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Product 11451

By: Deborah Maloney, Hollis Brookline High School, Hollis, NH

Rockets, Reactions and Ratios Guided-Inquiry Kit for Chemistry is an exciting STEM inquiry-based competition that takes the common reaction of baking soda and vinegar to new heights.

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Take the common reaction of baking soda and vinegar to new heights in this exciting STEM inquiry-based competition! The goal is to find the right ratio of rocket mass to baking soda mass to propel a paper rocket a vertical distance of 1 meter.

Students engage in engineering practices as they design and construct a paper rocket to contain a film canister “fuel tank.” Next, using their knowledge of chemical reactions and mole ratios, they determine the optimal amount of baking soda for a given amount of vinegar to use as the rocket fuel. Students then identify and test variables that may affect the reaction and the rocket trajectory. For the final competition, the rocket that clears the meter mark with the greatest rocket-to-baking soda mass ratio is the winner! This activity is a great capstone project that applies the concepts of chemical reactions, stoichiometry, data analysis and more in a fun and engaging way!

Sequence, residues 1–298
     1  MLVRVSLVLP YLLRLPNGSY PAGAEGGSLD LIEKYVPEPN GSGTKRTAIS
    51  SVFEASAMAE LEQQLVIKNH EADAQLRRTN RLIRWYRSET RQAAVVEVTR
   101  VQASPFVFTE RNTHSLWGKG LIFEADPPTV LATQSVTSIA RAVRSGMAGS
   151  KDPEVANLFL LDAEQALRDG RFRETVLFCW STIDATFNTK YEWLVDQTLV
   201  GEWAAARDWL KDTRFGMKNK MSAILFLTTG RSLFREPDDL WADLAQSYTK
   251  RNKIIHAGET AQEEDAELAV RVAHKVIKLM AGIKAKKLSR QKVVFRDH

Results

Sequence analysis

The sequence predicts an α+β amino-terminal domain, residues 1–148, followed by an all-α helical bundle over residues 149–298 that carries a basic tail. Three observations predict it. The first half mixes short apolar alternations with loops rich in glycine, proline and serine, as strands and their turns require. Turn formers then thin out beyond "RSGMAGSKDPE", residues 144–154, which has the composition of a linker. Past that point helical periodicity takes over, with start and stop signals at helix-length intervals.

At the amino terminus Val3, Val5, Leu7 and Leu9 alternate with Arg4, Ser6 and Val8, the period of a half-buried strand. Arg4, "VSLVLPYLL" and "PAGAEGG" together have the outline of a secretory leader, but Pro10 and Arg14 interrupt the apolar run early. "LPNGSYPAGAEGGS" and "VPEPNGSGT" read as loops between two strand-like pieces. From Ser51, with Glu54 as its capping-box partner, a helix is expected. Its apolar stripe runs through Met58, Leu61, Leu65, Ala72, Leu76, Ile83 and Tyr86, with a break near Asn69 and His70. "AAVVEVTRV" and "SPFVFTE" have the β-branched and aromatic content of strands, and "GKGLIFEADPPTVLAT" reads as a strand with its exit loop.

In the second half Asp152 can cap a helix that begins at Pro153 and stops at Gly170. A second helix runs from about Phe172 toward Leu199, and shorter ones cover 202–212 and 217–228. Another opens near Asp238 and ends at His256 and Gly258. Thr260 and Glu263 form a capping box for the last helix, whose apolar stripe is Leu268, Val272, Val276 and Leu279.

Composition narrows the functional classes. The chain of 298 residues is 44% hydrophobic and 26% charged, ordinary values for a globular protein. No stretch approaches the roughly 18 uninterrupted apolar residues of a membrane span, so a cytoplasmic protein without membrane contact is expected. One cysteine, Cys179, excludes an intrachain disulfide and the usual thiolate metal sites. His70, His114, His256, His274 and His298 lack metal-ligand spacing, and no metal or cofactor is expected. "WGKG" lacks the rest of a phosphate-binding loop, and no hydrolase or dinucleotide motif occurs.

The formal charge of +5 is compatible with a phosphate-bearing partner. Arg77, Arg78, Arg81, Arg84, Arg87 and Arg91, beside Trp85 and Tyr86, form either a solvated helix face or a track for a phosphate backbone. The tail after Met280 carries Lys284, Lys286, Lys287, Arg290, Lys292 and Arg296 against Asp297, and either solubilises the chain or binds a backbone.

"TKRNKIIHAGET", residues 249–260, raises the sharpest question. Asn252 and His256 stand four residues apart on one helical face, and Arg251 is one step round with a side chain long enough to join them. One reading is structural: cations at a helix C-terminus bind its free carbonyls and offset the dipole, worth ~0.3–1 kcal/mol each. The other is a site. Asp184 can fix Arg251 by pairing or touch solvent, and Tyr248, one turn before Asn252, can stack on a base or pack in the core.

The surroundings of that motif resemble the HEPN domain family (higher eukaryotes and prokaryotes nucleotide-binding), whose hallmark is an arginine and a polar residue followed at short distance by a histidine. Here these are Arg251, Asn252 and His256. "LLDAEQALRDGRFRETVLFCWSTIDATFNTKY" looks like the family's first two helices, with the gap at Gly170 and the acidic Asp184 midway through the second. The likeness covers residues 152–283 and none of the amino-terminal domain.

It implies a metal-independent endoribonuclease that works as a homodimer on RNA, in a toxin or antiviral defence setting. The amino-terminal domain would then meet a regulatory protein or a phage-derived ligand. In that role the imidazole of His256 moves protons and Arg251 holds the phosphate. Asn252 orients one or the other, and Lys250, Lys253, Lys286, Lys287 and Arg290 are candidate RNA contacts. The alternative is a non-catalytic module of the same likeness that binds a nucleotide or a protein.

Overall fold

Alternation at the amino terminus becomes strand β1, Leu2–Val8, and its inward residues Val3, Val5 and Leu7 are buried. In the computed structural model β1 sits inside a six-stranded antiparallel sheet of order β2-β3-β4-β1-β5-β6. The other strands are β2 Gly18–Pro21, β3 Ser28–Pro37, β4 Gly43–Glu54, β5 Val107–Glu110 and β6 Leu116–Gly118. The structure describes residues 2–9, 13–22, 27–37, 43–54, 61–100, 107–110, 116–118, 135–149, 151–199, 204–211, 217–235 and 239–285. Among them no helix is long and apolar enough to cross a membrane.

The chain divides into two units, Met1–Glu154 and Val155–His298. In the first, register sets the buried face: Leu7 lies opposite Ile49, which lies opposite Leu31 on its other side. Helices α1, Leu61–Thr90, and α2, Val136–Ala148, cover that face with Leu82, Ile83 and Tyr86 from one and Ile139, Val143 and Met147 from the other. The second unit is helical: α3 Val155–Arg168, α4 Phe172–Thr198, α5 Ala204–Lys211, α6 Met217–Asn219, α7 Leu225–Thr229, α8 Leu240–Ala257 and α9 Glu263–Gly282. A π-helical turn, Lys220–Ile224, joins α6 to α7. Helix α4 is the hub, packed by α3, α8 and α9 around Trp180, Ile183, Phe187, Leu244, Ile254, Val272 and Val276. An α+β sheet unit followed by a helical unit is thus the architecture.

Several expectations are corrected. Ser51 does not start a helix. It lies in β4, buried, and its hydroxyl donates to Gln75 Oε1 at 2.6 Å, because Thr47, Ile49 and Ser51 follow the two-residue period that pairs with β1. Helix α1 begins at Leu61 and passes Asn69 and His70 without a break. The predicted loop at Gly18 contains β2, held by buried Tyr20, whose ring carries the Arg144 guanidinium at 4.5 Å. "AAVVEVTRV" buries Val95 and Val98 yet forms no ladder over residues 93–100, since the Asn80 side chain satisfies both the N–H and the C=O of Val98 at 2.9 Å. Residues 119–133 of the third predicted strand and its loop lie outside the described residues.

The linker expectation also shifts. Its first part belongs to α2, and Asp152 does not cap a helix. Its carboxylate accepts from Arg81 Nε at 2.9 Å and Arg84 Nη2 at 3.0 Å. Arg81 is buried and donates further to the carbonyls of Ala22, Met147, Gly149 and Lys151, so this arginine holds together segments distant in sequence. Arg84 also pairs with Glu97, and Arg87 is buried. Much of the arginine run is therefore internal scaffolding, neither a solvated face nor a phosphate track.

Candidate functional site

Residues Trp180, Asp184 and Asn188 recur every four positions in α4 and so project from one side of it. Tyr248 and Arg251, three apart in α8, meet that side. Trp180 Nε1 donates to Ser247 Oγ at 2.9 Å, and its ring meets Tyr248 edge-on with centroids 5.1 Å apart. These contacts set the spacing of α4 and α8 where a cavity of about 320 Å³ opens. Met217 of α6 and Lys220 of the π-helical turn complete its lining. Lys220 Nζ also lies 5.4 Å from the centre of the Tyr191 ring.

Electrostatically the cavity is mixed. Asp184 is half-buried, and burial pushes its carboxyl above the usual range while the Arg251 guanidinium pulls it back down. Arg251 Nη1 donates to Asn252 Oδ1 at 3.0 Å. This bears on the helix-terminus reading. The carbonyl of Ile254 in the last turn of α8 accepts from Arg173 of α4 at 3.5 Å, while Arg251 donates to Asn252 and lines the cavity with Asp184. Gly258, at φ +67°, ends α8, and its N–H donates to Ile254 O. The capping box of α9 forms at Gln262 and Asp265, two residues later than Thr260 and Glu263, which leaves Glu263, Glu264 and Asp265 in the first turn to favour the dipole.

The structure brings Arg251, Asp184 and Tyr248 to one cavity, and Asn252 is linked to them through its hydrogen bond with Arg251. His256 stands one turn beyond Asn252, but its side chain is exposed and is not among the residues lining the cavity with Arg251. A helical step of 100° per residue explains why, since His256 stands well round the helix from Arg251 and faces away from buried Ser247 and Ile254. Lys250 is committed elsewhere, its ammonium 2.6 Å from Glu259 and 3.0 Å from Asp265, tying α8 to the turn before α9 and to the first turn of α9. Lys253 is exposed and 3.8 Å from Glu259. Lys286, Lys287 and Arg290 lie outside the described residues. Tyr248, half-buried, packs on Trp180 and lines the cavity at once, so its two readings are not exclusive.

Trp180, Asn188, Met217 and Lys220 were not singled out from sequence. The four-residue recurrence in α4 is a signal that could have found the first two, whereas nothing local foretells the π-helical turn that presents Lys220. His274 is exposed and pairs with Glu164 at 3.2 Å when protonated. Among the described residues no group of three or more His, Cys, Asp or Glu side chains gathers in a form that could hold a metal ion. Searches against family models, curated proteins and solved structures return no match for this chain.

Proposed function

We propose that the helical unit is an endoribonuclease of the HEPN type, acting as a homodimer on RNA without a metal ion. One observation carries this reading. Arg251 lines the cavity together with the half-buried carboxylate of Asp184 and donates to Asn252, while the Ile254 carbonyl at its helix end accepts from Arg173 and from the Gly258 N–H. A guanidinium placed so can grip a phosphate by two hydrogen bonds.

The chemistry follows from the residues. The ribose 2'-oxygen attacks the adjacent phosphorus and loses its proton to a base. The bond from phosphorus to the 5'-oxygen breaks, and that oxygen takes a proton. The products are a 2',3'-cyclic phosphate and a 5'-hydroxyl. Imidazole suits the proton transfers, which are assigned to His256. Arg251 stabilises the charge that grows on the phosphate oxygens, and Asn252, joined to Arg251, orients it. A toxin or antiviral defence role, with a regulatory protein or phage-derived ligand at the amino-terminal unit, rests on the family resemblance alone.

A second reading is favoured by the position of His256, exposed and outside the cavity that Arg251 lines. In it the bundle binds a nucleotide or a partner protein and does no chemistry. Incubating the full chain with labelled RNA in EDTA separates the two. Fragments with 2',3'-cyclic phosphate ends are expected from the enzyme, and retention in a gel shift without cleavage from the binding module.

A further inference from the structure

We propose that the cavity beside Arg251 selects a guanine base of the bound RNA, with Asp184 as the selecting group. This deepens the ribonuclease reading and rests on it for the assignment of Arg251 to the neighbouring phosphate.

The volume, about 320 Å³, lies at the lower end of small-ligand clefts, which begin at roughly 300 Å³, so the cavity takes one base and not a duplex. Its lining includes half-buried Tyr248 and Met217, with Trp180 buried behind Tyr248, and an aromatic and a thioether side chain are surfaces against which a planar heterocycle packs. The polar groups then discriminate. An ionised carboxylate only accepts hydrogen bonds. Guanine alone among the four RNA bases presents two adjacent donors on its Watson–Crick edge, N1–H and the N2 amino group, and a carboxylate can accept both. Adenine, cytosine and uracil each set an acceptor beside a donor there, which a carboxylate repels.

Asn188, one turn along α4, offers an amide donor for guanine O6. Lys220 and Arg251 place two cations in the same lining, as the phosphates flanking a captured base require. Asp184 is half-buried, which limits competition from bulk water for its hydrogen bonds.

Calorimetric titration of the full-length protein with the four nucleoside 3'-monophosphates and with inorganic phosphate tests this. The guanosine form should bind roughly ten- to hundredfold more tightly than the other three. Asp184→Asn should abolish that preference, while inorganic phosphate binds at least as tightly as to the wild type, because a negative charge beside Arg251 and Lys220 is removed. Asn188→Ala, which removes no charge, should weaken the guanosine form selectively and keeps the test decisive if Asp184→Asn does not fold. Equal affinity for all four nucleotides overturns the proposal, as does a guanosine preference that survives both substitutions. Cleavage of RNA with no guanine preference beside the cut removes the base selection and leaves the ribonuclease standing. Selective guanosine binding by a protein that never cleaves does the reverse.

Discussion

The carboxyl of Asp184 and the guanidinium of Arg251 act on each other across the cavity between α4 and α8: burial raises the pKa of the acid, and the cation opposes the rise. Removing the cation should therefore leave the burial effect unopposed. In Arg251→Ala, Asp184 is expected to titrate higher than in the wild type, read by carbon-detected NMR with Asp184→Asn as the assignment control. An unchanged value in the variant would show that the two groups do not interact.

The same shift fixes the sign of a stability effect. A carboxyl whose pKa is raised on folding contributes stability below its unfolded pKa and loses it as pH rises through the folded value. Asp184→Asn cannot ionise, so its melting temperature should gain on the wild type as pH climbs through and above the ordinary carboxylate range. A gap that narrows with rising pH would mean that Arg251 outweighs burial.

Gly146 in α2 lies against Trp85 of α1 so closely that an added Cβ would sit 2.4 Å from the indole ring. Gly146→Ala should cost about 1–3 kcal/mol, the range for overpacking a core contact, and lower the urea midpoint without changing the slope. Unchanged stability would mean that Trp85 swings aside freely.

Complete for 30 students working in pairs.

Correlation to Next Generation Science Standards (NGSS)

Science & Engineering Practices

Asking questions and defining problems
Planning and carrying out investigations
Engaging in argument from evidence
Obtaining, evaluation, and communicating information

Disciplinary Core Ideas

MS-PS1.B: Chemical Reactions
MS-PS2.A: Forces and Motion
HS-PS1.B: Chemical Reactions
HS-PS2.A: Forces and Motion

Crosscutting Concepts

Cause and effect
Scale, proportion, and quantity
Energy and matter

Performance Expectations

MS-PS1-2. Analyze and interpret data on the properties of substances before and after the substances interact to determine if a chemical reaction has occurred.
HS-PS2-2. Use mathematical representations to support the claim that the total momentum of a system of objects is conserved when there is no net force on the system.
MS-PS2-2. Plan an investigation to provide evidence that the change in an object’s motion depends on the sum of the forces on the object and the mass of the object